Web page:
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New Safety Handbook by IAWRT

Female, journalist and caught in a crossfire?

OSLO, Dec 4 2017 (IPS) - Hopefully female journalists have read it by now “What if…? Safety Handbook for Women Journalists”. The handbook, written by renowned safety trainer Abeer Saady, an Egyptian, and published by The International Association for Women in Radio and Televison (IAWRT), provides hands on tips on what to do when caught in a crossfire , when stopped at checkpoints, arrested during coverage, or kidnapped and held hostage.

Abeer Saady, and Nonee Walsh

Security and safety for journalists, especially females, is often not taught in schools and rarely discussed in newsrooms. Still, a global survey of security risks for women journalists revealed that the majority preferred not to report on gender-based violence for fear of harassment, losing their job or being stigmatized.

More male journalists are killed every year than women, but female journalists are increasingly entering the field of high risk journalism and covering conflicts. In the Philippines twelve women journalists were killed in the line of duty since the restoration of democratic institutions in 1986, four them in the Ampatuan massacre in 2009. None of the perpetrators were brought to justice.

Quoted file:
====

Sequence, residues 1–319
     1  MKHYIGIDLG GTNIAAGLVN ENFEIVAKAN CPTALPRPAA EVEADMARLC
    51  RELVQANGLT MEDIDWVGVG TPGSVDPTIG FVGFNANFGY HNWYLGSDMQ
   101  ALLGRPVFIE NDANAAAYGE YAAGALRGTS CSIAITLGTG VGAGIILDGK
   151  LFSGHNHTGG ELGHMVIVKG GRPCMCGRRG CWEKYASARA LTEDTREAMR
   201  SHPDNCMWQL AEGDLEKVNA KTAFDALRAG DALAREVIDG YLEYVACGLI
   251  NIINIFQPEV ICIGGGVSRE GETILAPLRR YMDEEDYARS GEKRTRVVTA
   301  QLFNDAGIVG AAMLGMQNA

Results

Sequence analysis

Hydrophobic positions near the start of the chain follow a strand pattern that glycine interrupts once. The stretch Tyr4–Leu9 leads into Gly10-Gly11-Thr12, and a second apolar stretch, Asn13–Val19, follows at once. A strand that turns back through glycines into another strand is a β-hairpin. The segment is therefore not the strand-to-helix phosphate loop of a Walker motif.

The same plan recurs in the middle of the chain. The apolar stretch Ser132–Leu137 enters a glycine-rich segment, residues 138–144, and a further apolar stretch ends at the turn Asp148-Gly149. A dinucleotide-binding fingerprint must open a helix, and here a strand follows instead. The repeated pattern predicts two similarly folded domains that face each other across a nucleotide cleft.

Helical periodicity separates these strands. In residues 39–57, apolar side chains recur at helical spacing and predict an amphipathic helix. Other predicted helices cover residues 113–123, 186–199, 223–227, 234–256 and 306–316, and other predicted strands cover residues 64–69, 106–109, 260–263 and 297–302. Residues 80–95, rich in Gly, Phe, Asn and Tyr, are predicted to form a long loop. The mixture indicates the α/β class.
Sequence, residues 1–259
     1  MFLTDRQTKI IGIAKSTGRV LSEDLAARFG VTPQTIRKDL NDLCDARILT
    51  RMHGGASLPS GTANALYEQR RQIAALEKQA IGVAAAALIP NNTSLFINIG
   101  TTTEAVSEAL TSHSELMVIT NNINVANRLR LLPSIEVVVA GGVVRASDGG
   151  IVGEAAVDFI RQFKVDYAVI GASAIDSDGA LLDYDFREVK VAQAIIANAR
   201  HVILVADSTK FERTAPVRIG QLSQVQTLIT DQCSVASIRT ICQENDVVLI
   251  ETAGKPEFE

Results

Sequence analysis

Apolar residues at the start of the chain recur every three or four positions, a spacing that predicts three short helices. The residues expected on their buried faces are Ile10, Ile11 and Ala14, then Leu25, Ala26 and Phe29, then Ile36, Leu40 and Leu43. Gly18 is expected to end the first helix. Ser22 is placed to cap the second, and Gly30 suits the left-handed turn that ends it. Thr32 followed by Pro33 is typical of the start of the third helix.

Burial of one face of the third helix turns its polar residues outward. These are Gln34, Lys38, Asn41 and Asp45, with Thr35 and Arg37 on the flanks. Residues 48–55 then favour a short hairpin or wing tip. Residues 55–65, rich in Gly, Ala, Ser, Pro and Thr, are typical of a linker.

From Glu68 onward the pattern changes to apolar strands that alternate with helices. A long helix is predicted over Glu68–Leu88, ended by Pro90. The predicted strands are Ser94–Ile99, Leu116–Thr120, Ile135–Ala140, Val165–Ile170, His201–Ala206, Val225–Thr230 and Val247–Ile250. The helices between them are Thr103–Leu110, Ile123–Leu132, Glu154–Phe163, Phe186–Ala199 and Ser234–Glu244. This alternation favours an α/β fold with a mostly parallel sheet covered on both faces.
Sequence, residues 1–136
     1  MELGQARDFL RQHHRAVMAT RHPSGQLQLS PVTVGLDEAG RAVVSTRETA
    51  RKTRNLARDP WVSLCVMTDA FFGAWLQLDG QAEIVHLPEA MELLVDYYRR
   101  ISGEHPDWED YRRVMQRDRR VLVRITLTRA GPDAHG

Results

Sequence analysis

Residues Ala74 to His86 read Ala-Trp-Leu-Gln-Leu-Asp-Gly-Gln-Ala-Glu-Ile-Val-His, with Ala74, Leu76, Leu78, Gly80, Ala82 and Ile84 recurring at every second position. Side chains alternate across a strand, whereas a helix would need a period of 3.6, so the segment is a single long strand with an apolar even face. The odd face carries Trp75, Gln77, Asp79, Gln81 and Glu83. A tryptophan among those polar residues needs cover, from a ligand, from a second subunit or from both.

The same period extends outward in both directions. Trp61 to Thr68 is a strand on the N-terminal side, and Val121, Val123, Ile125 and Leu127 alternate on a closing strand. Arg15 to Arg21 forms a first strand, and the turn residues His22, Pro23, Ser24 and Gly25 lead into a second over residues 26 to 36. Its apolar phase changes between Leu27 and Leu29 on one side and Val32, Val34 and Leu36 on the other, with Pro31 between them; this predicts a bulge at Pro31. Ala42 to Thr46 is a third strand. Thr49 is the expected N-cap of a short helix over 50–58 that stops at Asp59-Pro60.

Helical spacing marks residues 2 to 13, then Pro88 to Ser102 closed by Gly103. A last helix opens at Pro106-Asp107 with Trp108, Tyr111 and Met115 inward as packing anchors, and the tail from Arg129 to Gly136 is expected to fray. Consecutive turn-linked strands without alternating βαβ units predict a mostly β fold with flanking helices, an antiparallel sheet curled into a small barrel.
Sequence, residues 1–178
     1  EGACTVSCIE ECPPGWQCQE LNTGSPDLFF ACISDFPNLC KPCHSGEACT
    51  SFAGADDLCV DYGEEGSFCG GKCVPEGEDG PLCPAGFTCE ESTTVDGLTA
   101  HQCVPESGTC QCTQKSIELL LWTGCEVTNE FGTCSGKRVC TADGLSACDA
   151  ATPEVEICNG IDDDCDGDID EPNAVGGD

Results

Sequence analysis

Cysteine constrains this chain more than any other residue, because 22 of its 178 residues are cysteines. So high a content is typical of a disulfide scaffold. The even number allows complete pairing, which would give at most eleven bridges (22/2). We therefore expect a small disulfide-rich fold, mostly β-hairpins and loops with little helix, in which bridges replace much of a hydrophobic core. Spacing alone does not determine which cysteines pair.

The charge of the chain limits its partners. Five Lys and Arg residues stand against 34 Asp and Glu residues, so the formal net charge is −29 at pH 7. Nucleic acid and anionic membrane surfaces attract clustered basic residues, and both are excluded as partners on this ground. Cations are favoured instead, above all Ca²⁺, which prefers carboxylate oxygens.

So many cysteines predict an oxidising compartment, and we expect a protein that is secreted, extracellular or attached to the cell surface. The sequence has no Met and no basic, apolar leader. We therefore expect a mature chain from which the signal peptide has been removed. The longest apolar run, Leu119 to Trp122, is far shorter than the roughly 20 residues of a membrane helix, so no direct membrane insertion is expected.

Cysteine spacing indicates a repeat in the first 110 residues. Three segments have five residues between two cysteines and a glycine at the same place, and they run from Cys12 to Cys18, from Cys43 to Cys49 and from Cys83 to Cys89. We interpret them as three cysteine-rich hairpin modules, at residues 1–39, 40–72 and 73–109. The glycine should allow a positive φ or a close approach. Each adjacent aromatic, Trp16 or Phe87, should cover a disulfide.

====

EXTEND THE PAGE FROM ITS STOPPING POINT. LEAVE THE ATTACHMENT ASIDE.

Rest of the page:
The handbook compiles experiences, not only Saady’s as a journalist with 27 years of experience, but also of other women journalists who have faced different and difficult situations.

Saady underscores the importance of physical, psychosocial and digital safety and security, and points out risk assessment, profile management, situational and digital awareness and a safety plan as crucial tools.

Many of the tips shared in the handbook are practical enough for any journalist or newsroom to follow.

Psychosocial security is something that’s not always attended to. What to do if you as a journalist lose sleep after covering war or violence? The handbook also suggests ways of dealing with trauma.

The handbook provides tips in dealing with online harassment, such as naming and shaming the online harasser and moderating the comments section as well aspreventing people from remaining anonymous, among others.

A Norwegian journalist, interviewed in the book, became a victim of online harassment. She believes that a better solution would be to develop what she calls harassment competence, such as distinguishing between ‘the angry’, ‘the crazy’, and ‘the dangerous’ bullies.

– The ‘angry’ are people you can respond to, and perhaps even make them understand that you’re a person who might get hurt by their utterances. Harassment coming from ‘the crazy’ and ‘the dangerous’ had better be ignored…since a reply often makes the bullying even worse, she says.

In social media women journalists should take precaution in protecting their digital safety and security. Social media accounts and emails can be hacked. The handbook lists tips on how to carry out a digital clean up.

The handbook has a separate section on ethical safety decisions. The main point is to do no harm.

Another section is devoted to legal safety. Knowing one’s rights as a journalist and the libel and other media laws in one’s country is helpful.

The handbook, which can be downloaded from the IAWRT’s website, is a must-read for every female journalist. The aim is to help creating an environment where women journalists can perform their job without fear or danger.

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